A delegation from the United Nations Security Council has arrived in Darfur for talks with local government leaders. The visit comes in the wake of increased violence in Darfur, as rebel factions now fight for control of the region. The U.N. hopes to replace the struggling African Union mission with its own peacekeepers, but Sudan remains wary of UN intervention. For VOA, Noel King has more from Al Fashir.
Local leaders from northern Darfur have threatened that the arrival of a United Nations protection force in the region may lead to violent reprisals against U.N. peacekeepers.
Fifteen members of the United Nations Security Council arrived in Darfur on Friday, as part of a high-profile visit aimed at persuading Sudan to accept U.N. peacekeepers in Darfur.
The Security Council delegation met first with the governor of north Darfur State, Osman Yousef Kibir.
Following the meeting, Ali Tango, a local council member told VOA he expects there may be violence if peacekeepers enter.
"The people here, most of them are Muslims," he said. "They don't want international intervention here because they are adding more complications to the local traditions here. They hardly accepted the AU to be in north Darfur. They don't want any foreigner to come in here. Look at Afghanistan and Iraq, how it deteriorated."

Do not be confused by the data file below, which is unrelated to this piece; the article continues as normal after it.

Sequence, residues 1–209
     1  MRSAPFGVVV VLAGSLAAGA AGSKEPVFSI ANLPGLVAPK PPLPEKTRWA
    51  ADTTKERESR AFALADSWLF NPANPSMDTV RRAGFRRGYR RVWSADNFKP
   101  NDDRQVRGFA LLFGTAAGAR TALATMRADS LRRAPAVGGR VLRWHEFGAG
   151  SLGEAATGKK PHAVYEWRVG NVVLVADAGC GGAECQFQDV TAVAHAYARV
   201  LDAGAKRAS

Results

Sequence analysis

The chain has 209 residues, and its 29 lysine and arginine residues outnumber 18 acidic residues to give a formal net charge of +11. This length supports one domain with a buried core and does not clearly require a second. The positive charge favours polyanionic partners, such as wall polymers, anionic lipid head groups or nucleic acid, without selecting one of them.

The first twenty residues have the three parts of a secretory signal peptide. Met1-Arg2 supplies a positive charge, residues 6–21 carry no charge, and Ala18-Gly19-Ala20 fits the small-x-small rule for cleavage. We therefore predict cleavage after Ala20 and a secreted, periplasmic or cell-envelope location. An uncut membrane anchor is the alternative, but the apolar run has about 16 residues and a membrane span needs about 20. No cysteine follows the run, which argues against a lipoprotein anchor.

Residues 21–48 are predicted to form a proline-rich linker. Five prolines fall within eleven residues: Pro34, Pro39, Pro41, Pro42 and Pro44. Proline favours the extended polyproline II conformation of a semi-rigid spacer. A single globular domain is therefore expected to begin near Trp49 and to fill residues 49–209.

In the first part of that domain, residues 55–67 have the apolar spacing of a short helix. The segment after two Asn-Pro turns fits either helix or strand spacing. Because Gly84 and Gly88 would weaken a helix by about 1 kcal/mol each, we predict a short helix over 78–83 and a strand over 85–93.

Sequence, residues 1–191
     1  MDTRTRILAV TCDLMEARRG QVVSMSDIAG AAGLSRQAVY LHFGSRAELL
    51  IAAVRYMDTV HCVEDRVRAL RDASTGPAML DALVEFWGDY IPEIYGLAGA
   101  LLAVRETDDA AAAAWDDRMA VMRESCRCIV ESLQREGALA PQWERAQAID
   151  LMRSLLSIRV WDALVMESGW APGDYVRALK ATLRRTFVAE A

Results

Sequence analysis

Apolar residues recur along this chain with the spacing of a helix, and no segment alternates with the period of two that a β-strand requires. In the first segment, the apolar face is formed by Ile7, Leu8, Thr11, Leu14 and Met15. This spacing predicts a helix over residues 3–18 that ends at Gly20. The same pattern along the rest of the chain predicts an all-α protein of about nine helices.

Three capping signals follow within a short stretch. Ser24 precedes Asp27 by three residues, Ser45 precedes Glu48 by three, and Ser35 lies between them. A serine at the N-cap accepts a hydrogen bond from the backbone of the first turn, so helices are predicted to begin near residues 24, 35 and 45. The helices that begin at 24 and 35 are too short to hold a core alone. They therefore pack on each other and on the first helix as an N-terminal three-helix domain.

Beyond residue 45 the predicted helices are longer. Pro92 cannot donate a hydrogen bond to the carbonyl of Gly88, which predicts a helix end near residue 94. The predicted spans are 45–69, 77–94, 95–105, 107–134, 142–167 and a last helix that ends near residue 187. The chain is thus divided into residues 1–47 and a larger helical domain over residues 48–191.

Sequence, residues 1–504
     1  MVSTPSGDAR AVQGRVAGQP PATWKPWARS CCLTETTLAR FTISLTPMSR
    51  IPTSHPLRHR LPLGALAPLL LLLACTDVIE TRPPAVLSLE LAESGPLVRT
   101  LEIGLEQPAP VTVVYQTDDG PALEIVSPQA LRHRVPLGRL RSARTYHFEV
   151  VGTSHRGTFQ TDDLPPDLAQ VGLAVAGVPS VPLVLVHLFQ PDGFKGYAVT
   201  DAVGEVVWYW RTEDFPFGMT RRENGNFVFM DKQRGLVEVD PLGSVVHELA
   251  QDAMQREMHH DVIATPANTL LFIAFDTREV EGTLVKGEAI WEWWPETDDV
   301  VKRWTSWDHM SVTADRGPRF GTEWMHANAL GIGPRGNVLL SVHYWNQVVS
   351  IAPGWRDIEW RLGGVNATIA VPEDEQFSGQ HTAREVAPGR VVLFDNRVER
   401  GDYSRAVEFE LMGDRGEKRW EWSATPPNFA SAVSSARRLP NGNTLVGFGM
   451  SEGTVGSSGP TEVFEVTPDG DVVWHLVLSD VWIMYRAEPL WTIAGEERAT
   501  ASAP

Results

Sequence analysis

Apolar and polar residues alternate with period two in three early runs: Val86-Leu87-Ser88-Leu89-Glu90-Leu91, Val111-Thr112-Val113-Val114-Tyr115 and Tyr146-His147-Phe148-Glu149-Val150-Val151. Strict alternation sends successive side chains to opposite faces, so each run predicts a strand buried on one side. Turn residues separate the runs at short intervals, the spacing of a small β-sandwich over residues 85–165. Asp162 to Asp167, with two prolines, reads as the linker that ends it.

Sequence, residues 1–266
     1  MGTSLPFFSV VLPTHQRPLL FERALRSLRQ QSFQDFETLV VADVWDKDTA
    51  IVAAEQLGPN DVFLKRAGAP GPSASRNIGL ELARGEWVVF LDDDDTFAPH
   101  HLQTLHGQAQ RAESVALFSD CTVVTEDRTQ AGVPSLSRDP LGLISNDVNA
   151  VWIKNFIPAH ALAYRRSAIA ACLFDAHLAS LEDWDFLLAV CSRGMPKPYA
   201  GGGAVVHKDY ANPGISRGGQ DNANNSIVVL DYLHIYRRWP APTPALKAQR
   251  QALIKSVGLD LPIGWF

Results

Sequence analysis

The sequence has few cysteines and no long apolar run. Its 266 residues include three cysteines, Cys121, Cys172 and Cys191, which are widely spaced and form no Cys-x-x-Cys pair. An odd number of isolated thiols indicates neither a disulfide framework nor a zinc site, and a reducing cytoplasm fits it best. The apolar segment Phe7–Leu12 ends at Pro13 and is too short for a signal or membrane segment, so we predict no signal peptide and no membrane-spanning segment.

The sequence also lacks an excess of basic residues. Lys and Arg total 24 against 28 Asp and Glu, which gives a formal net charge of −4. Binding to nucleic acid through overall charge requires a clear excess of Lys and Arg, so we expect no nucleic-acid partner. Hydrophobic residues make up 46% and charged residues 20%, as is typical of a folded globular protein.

Delegates are attempting to reassure Sudan that the United Nations will not enter the nation by force.
A unanimous Security Council resolution passed in May, gave Sudan one week to allow the U.N. to enter, or face penalties.
The embattled nation only dug in its heels, insisting that the U.N. will not enter unless it is invited.
Talk of U.N. intervention has sparked rioting in Khartoum, with government officials comparing intervention here to that in Iraq and Vietnam.
Sudan is under intense pressure to allow a U.N. mission to replace the African Union force, which has struggled with budget constraints.
The AU on Wednesday said it would agree to hand over its mission to the U.N., following the approval of the Sudan government.
Security Council delegates also met with representatives from some 2 million displaced Darfuris who are eking out a tenuous existence in refugee camps.
Humanitarian workers told the delegates that security in the camps has deteriorated since the May 5 signing of a peace agreement between the government of Sudan and one rebel faction.
The three-year conflict began when rebels attacked government positions in the remote region, complaining Darfur remained undeveloped due to political and economic marginalization.
Sudan is charged with arming Arab militias to crush the rebellion, resulting in a campaign of rape and murder in which tens of thousands have died and some two million more have been displaced.